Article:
Hollywood action hero Steven Seagal may have been born in the USA, but these days his loyalty lies squarely with Russia. A Russian citizen since 2016 and Russia’s ‘special envoy’ to the US since 2018, Seagal has called Vladimir Putin a “brother” and proudly declared himself a Russophile. But while Seagal, who says he is of Russian descent, has lately become a Kremlin mouthpiece, his ties to the country may have been greatly exaggerated.

Despite his claim that he’s “one million per cent Russian”, it doesn’t appear that Seagal can even speak the language, while his exact heritage remains uncertain. As for Seagal’s ‘brotherly’ relationship with Vladimir Putin: according to a Kremlin spokesperson, the Russian Premier isn’t actually a fan of the former movie star.

Mysterious beginnings

From the beginning of his acting fame, Steven Seagal’s background has been shrouded in mystery, not least because the man himself has always had a tendency to be liberal with the truth.

A 1990 profile in People Magazine cites early claims from Seagal that he spent much of his youth in Brooklyn, New York. Yet Seagal’s own mother denied this, stating he was instead born in Lansing, Michigan on April 10, 1952, and initially grew up near Detroit before the family (including Steven and his three sisters) moved to Fullerton, California when Steven was five.

At some point in the early 70s, Seagal made an even bigger move: from 1971 to 1973, and again from 1974 to 1984, he lived in Japan, in which time he apparently learned the language fluently and trained in the martial art aikido. However, there is some uncertainty around Seagal’s life in Japan, due to more dubious claims on his part.

At various points, Seagal has claimed that he trained under the founder of aikido, who had in fact died in 1969; that he was the first non-Asian to own a Japanese dojo, when in fact Seagal merely worked at one owned by the family of his first wife, Miyako Fujitani; and that he worked in black ops for the CIA, which has been flatly denied by US military intelligence.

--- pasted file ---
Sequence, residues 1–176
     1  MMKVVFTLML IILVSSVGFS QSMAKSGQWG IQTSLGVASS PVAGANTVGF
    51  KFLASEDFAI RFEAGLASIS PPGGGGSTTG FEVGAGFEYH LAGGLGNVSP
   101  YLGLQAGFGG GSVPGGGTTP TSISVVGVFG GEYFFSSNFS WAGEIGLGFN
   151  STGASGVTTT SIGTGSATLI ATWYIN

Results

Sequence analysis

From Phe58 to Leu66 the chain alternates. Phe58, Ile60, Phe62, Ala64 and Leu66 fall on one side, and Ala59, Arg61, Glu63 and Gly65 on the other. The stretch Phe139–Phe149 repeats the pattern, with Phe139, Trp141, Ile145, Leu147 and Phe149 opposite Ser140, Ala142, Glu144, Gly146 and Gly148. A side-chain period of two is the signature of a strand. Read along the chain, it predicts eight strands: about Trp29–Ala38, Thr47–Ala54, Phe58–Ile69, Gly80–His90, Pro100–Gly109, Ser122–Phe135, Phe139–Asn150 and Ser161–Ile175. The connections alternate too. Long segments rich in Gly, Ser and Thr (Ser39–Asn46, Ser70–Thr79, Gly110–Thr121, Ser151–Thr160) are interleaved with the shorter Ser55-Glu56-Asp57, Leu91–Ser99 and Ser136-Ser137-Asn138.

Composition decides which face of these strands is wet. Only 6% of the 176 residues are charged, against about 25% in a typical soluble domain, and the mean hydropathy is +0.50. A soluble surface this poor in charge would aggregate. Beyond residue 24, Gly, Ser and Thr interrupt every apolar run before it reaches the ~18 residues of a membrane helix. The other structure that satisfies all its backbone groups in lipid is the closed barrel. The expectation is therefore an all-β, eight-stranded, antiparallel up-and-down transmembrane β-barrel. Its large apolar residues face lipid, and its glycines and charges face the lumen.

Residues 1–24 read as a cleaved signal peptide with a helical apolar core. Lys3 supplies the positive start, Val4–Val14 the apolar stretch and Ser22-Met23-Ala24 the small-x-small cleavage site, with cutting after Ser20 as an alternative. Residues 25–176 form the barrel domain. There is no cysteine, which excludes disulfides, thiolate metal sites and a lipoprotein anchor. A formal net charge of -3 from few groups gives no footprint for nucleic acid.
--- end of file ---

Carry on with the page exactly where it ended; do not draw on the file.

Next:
An uncertain heritage

More recent years have seen the Under Siege star (whose mother was Irish) make similarly unverifiable claims about his Russian heritage. While it has been reported (albeit based on Seagal’s word) that Seagal’s paternal grandparents were Russian Jewish immigrants, in a 2016 Russian TV interview, Seagal laid out his ancestry claims in full:

“My father comes from Vladivostok [a South-East Russian port on the Pacific, close to China and Korea]. We have family from Siberia, we have family from Belarus, family from, apparently, St. Petersburg… we just recently got results of a DNA check and discovered that genetically there is Buryat mixed with Yakutian people.”

Apparently deciding to move east in part to avoid paying a $200,000 fine to the US Securities and Exchange Commission, in 2016 Seagal made Moscow his new home and successfully applied for Russian citizenship. A statement from the Kremlin said that Seagal – who was “renown[ed] for his quite warm feelings toward our country” – had been really persistent for a long time” in asking to be made a Russian citizen. (Seagal was ultimately still ordered to pay the fine.)

Seagal is not the only western celebrity of late to grow disillusioned with their home land and find a warm welcome in Russia. French actor Gerard Depardieu became a Russian citizen in 2013, and is a vocal supporter of the country’s controversial President, Vladimir Putin. American actor Mickey Rourke, while not a Russian citizen, has also spent much time in the nation and once praised Putin as “a very cool, regular guy”. (Rourke has since reversed his position, condemning the Russian invasion of Ukraine.)